I have one good friend whose life goal seems to be to acquire the learning and equipment required to make just about any useful item you can name. In fact, I’m wearing a jolly wonderful pair of handmade wool socks she gave me for Christmas. I have another who’s taken up archery very recently. Just five years ago, I would have assumed that these two fine people are committed to Personal Growth. Today, I at least have to wonder if they’re preparing for the future and, if so, how I can get invited into their nomadic tribes once the stuff finally hits the fan.

I’m not sure what I, myself could offer as a member of a nomadic post-apocalyptic tribe. Genetically, I’m a good draft pick: I descend from generations of Eastern Europeans, so my body was definitely built with winter warfare and famine survival in mind. I spent most of my childhood helping my father complete various home renovation and repair projects for our immediate and extended family members, but all of that practical experience is only useful if water, heating, and electrical infrastructures remain in place. It might be a good idea if I spend the next ten years sharpening either my card trick skills or my knowledge of mining iron ore and smelting it into useful tools and weapons.

Perhaps I should focus on more immediate kinds of self-improvement. I’m making progress on the first real 100% housecleaning I’ve done in years. Since Obama first took office, I’ve been satisfied with sort of a Sliding Tiles Puzzle approach to the problem. I sort of slide the “scene from ‘Hoarders'” space around from room to room over the course of a year, and periodically clean one room by disaster-ifying another. It’s a brilliant system, but the playbook has started to fray around the edges and now, every room is at least a little messy.

It’s time (oh dear God) for another Big Edit. This is my periodic Life Trauma in which I try to literally lay my hands on every object I own and decide what to do with it. This involves removing every book from every shelf, pulling out every drawer, and dragging every box out of every closet.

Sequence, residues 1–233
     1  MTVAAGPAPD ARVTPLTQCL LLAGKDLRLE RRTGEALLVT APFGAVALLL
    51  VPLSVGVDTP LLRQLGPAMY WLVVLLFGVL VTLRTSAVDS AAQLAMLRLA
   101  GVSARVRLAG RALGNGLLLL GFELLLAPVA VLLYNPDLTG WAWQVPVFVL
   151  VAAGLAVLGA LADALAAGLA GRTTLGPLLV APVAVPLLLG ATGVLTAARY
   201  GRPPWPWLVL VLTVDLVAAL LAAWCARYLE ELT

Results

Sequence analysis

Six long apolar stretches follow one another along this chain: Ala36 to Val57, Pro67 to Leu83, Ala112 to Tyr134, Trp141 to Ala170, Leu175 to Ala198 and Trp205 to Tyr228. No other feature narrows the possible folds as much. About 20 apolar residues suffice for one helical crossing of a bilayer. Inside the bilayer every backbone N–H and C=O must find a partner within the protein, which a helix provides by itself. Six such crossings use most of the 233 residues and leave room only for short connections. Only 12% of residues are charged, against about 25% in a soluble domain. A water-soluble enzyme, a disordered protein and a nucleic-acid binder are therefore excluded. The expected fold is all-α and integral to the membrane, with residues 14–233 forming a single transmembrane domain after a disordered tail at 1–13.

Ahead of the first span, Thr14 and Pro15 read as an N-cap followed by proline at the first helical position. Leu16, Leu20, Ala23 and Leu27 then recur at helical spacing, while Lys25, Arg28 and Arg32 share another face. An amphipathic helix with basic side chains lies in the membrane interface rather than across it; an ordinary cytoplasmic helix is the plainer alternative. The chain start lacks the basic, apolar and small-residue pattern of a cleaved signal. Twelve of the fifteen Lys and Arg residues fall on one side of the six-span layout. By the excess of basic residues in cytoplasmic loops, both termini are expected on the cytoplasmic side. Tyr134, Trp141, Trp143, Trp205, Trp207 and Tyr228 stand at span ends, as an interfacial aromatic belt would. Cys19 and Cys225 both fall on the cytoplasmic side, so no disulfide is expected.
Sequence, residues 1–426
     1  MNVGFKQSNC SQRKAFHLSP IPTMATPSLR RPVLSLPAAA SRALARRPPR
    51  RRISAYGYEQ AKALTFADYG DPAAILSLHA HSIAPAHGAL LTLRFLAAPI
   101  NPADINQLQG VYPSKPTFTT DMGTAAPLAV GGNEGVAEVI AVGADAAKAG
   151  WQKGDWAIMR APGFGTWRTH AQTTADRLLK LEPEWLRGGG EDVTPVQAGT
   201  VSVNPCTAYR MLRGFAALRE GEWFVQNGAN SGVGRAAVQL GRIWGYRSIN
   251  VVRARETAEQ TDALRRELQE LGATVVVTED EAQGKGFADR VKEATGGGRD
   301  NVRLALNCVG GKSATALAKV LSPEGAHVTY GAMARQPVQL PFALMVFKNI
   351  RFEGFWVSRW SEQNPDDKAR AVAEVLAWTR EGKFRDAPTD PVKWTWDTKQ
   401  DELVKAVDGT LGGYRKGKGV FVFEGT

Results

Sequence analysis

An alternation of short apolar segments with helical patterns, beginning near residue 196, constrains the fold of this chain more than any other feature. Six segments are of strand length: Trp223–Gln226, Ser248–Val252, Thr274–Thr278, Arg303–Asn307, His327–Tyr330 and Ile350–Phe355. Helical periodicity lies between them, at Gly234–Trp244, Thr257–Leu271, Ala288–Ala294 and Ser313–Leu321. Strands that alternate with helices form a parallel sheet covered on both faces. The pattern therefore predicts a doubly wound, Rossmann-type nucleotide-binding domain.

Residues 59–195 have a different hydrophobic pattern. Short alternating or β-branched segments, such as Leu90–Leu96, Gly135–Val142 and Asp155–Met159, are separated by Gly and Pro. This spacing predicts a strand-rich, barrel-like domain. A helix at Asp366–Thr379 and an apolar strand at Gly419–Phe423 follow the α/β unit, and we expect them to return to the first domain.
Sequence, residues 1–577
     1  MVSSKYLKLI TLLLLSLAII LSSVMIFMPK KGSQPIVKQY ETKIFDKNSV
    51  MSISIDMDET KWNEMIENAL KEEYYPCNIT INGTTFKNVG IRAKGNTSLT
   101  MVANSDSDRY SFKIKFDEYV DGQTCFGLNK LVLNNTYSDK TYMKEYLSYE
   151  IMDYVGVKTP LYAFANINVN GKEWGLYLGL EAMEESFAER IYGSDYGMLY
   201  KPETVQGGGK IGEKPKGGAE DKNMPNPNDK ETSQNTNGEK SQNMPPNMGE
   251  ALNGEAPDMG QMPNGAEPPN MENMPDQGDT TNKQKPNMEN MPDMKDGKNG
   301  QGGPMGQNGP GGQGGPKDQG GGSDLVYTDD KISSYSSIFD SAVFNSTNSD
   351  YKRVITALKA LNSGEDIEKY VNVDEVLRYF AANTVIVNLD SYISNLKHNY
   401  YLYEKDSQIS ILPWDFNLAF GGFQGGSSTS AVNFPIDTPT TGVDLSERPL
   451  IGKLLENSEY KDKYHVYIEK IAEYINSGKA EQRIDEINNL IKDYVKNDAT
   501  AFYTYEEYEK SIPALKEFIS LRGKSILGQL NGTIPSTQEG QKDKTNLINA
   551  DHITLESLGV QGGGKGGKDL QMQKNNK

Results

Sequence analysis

It’s a spiritual cleansing as well as a physical one and the ironic thing is that it creates one hell of a damn mess while the process goes on. But it has to be done! The experience of packing for a trip always reminds me of how few things I need to be happy and make my living. During a week of business travel, I’m really not pining away for the boxes of comic books or the bread machine I left at home, am I?

When I’m a little further along in the process, I might try something new: I’ll empty a room completely and, as an organizational mechanism, move in anything I totally can’t get rid of under any circumstances. Obviously, we’re talking about my everyday clothing and my MacBook, but also the paint-spattered hat my Dad used to wear while doing home improvements.

It’s not like at the end of this latest Big Edit, I’d sell or give away everything that isn’t in the Most Important Stuff room. But it feels like it’d be a valuable exercise and help me gain perspective about material comforts.

Most of all, clutter and disorganization — like sweetened sodas, not using the handrail when going down a flight of stairs, and working with total idiots — are things that I’m officially too old for. To my bemusement, I find that I like pulling a boxcutter out of a little cabinet drawer labeled “Lightsabers” more than I hate putting the tool back where it belongs after I’m done breaking down boxes for the recycling bin.